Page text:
Marijuana has been shown to be effective in treating cancer, HIV/AIDS, multiple sclerosis, and a host of other diseases. But will a 2005 Supreme Court marijuana case save all of U.S. health care?

In an unprecedented three days of oral arguments, the Supreme Court is considering whether the Affordable Health Care Act violates the Commerce Clause.

Article 1, Section 8, Clause 3 of the Constitution gives Congress the power to “regulate commerce with foreign nations, and among the several states, and with the Indian tribes.” The issue is whether Congress has the power to require the “individual mandate,” the rule that everyone must either purchase health insurance or pay a penalty.

The Commerce Clause has always been interpreted broadly, no more so than in the 2005 Supreme Court case Gonzales v. Raich. Raich was a seriously ill guy living in California, who had obtained a doctor’s recommendation to use medical marijuana under California state law. The federal Drug Enforcement Administration raided his house and destroyed his six pot plants. Raich sued, arguing that Congress didn’t have the constitutional authority to prevent him from growing marijuana on for his medical use on his own land. The Commerce Clause gives Congress the right to regulate commerce between the states, but this isn’t commerce, and it’s about as local as you can get.

Up to the Supreme Court it went, and despite the purely local nature of Raich’s activities, the Court ruled that Congress had the power to destroy his garden. It reasoned that while Raich’s plants were locally grown, he was like it or not part of a world-wide international commercial marijuana market. This ruling was a bitter disappointment to marijuana supporters, but there may be a golden lining. Uninsured people who get free health care affect interstate commerce because they are making the rest of us pay. A child is not turned away from an emergency room, but why should people who can buy health insurance put the cost on everyone else. It seems like the failure of people who can afford health insurance to purchase it affects commerce a lot more than Mr. Raich’s marijuana garden.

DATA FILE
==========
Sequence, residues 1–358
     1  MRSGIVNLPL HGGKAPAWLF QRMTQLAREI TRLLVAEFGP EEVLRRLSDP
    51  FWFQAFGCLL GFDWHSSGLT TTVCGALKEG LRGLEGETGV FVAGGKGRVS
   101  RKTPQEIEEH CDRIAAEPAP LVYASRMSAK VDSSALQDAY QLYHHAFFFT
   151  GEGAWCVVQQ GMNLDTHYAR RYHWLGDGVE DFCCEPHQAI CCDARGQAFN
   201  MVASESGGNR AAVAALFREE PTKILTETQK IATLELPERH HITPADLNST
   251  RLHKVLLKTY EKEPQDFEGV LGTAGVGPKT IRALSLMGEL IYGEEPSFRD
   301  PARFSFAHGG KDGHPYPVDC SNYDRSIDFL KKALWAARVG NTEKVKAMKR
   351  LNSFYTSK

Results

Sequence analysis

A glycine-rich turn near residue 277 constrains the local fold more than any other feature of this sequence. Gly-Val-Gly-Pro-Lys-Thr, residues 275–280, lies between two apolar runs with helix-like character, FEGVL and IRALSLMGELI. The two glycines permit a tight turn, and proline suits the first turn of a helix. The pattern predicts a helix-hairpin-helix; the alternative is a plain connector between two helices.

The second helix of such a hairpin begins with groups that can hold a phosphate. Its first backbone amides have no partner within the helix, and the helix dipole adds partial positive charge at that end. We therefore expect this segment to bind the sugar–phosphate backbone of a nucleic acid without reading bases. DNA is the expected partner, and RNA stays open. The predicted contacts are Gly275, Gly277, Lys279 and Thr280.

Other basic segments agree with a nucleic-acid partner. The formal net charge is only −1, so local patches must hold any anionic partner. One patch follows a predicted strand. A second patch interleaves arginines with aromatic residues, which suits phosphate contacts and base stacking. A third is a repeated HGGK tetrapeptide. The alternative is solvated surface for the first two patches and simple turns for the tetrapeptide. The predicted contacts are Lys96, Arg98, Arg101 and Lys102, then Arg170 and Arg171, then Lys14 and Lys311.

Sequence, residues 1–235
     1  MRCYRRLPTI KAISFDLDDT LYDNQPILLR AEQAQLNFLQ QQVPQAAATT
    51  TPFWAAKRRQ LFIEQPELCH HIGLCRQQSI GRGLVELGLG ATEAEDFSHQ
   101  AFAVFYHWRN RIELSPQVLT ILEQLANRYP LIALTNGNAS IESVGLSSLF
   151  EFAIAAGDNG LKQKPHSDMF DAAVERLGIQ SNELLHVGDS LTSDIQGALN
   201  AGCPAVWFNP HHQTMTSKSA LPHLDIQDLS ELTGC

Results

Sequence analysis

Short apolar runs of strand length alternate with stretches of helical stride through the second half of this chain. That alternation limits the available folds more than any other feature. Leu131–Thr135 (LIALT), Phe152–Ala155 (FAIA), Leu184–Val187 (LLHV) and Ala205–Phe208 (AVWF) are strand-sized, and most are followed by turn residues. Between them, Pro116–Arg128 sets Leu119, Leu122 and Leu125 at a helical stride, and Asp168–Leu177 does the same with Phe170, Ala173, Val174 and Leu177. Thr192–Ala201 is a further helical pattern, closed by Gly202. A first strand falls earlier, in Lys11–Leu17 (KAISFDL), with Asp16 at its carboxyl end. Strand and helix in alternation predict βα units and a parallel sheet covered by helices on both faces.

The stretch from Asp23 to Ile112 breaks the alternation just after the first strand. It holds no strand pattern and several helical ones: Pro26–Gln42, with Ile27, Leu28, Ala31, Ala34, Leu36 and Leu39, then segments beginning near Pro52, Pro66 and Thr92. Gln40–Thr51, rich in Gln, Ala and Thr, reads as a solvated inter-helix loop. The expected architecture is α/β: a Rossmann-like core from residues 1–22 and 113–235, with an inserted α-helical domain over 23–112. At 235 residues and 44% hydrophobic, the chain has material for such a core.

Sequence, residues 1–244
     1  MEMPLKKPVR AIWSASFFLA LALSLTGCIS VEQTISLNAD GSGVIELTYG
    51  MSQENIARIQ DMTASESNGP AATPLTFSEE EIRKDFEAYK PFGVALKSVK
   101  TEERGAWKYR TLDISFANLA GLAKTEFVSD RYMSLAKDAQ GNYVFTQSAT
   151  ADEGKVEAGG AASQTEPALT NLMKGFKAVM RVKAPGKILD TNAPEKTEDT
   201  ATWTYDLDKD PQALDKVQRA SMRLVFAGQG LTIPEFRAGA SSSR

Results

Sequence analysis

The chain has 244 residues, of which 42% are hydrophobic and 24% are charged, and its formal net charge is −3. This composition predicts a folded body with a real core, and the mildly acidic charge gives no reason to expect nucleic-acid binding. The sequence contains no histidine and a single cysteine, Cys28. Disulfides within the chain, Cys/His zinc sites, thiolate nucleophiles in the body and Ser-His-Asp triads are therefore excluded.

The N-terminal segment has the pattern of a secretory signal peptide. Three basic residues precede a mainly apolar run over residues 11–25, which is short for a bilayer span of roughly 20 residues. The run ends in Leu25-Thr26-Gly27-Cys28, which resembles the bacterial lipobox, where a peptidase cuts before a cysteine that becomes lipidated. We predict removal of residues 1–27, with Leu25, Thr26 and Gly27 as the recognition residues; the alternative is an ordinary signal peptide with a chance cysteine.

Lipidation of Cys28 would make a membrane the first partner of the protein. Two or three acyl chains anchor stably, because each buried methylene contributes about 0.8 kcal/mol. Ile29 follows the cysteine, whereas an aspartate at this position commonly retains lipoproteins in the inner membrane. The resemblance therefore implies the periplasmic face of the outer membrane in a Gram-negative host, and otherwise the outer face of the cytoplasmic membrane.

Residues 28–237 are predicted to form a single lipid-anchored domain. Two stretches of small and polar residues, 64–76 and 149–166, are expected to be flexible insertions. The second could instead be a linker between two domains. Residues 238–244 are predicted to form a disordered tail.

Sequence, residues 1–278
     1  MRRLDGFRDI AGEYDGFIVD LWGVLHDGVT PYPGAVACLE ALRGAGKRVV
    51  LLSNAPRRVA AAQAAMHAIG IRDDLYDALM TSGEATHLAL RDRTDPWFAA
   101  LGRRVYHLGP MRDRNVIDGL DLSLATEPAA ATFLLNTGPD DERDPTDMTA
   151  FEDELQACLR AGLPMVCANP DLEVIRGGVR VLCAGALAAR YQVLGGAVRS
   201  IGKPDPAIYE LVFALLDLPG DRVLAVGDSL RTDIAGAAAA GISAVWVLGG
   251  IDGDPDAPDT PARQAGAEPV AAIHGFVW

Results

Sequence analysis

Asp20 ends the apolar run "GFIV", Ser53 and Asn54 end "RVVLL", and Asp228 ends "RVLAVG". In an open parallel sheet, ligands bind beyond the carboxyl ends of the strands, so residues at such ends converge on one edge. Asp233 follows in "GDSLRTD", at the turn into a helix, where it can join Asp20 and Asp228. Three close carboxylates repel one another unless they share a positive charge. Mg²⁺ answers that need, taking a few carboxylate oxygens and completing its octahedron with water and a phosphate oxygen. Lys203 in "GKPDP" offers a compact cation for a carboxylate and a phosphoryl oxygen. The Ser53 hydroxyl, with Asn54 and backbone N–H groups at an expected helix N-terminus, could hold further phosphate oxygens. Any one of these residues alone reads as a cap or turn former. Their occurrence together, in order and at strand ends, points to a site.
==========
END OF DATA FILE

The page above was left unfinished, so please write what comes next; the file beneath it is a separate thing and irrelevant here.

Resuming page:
Categories: Medical marijuana, Superior Court

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1 reply

  1. This is a weird interpretation. What happened in Raich is this: Raich’s lawyers argued that the weed in Raich’s garden didn’t enter the market, so that therefore the government didn’t have a right to regulate his use and growth of it. The court decided that it didn’t matter: Raich was participating in a market whether he sold his marijuana or not, and participating in that market is illegal. What the Raich case decided is this: the government has a right to regulate people’s participation or non-partipation in a market, whether that person wants to consider himself as someone participating in a market or not. In other words, the government has a right to force people to enter a market or consider themselves part of a market whether they want to or not.

    When you consider that marijuana laws are part of the prison industrial complex, what this boils down to is: the same irrational assumptions that have wasted billions of dollars in order to artificially prop up a prison system and police force are possibly going to be used to artificially prop up a health care market. In other words, stealing freedom from individuals for marijuana use is going to be used to steal freedom from them in health care. In other other words: mandatory health care is morally equivalent to arresting someone for growing marijuana in their yard. In other other other words: Obama’s America is using the logic of Reagan’s California.

    I could go on with other words, but why?

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